Tuesday, December 3, 2013

Frittata? Omelet? What's the difference?

Frittata with celery, onions, garlic and Grana Padano.
So what, other than the obvious point that one is French and the other Italian, is the difference between an omelet and a frittata?  There's no denying that the finished product is similar, but the results certainly aren't identical. Nevertheless, I like them both.

The key to me is that an omelet is made over screeching high heat and takes only a minute or two to fashion from start to finish. It's the 50-yard dash of egg dishes.  Call the frittata a mile run, then:  It's cooked low and slow and gently develops its texture over 15 minutes or so of gentle cooking on stovetop or in the oven.

But yeah, they're both essentially a round, flat delight fashioned from eggs and filling ingredients.  Either way, what's not to like?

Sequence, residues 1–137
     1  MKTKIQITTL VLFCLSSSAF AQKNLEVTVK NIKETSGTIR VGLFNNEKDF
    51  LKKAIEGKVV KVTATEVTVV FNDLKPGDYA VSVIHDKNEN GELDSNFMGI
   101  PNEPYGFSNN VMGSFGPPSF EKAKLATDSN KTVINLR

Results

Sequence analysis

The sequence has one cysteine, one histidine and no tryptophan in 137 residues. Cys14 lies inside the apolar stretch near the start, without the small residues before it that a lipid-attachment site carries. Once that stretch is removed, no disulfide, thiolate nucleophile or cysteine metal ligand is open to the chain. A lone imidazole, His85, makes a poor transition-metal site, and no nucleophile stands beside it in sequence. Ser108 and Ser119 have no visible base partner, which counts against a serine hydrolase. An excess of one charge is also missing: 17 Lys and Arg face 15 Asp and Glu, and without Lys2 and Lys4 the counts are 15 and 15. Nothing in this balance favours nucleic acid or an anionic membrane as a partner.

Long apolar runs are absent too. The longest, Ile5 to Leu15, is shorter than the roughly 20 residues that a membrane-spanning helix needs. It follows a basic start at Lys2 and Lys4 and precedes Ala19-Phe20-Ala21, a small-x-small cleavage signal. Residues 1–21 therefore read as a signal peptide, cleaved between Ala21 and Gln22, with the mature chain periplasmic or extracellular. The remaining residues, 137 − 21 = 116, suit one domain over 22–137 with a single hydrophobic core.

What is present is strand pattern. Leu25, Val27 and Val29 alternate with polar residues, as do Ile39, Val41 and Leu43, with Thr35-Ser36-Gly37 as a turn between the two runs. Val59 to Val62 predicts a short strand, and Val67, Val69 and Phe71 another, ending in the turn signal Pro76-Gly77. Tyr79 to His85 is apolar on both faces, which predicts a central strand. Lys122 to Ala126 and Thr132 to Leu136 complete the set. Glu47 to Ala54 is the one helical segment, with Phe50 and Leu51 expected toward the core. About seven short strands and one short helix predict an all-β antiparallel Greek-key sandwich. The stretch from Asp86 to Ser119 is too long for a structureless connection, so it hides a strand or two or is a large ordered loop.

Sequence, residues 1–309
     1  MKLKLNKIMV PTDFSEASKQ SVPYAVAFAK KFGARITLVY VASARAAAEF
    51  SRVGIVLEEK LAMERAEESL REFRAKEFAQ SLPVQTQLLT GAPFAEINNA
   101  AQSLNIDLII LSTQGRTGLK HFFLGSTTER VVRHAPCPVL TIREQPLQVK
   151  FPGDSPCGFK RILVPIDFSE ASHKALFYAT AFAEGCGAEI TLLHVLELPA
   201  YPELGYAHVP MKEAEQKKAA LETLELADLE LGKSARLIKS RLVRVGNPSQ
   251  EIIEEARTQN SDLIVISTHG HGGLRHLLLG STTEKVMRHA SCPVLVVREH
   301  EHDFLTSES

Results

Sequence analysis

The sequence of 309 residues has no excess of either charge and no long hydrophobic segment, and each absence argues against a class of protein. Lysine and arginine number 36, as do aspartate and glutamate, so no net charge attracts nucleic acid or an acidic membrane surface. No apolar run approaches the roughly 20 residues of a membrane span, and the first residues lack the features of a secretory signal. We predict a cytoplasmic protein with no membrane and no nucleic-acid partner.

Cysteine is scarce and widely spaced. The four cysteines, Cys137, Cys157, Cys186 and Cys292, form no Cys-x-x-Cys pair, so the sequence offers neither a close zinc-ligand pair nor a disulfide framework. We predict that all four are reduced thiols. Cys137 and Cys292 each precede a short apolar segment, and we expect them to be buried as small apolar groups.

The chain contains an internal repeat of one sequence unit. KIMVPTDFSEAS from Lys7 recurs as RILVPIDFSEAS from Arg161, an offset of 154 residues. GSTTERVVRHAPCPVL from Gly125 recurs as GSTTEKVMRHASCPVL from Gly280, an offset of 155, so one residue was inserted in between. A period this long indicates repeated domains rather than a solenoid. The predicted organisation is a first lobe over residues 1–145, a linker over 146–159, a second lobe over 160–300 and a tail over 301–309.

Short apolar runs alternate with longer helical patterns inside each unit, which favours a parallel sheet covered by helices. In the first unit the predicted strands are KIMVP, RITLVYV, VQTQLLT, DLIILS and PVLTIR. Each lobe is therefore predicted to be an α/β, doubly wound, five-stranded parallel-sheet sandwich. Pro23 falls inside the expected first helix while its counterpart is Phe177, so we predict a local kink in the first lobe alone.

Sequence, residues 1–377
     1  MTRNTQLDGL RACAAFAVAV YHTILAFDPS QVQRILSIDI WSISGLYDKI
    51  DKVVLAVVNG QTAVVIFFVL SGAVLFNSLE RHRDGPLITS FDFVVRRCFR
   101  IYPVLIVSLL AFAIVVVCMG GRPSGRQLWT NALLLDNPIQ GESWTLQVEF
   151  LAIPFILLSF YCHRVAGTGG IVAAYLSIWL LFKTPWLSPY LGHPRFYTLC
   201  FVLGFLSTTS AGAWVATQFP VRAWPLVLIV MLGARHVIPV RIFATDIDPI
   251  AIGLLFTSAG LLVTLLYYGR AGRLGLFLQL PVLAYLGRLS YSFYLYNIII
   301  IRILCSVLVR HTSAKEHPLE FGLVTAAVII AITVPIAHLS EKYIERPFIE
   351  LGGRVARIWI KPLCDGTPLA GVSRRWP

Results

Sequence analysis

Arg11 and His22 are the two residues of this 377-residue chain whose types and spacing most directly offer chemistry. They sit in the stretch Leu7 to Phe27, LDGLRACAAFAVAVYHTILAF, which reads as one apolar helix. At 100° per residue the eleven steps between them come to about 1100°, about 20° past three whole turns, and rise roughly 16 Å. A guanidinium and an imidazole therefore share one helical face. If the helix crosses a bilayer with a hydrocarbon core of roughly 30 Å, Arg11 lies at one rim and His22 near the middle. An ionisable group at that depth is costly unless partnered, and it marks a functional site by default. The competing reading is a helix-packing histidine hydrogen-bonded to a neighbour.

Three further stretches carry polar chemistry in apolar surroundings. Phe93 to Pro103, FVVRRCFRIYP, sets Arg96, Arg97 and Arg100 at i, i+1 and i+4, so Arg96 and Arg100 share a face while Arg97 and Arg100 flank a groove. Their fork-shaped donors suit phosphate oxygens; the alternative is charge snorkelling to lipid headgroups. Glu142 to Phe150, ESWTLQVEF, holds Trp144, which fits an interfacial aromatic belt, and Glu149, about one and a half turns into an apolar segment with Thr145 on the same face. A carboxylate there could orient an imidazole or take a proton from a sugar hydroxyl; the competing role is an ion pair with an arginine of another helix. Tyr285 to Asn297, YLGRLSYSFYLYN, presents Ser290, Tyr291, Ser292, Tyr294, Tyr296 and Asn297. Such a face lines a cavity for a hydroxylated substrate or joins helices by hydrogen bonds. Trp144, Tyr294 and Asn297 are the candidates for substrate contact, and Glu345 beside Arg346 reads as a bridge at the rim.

Tonight I went the frittata route, looking at a fairly empty refrigerator and pulling out celery, onions and garlic as filling ingredients and Grana Padano cheese and black pepper as topping.

The procedure is as simple as one, two, three:

1. Chop celery, onion and garlic fine and saute them in olive oil in a nonstick skillet until browned and somewhat softened. Set aside and wipe out the skillet.

2. Crack three eggs: Humane and natural cage-free free-range strongly preferred; for me, I won't buy or eat industrial eggs now that better alternatives are easily available.  Whisk the eggs in a bowl with one tablespoon water for each egg and a bit of salt and pepper.  Stir in the reserved veggies.

3. Put a little more olive oil in the same skillet and put over high heat.  Pour in the egg and veggie mixture and give it about a minute to set while sprinking 1/4 cup grated Grana Padano cheese over the top.  Reduce heat to very low, cover and leave for 15 minutes, checking occasionally.  When it's finished and set, slide it out to a serving plate, cut into wedges and serve.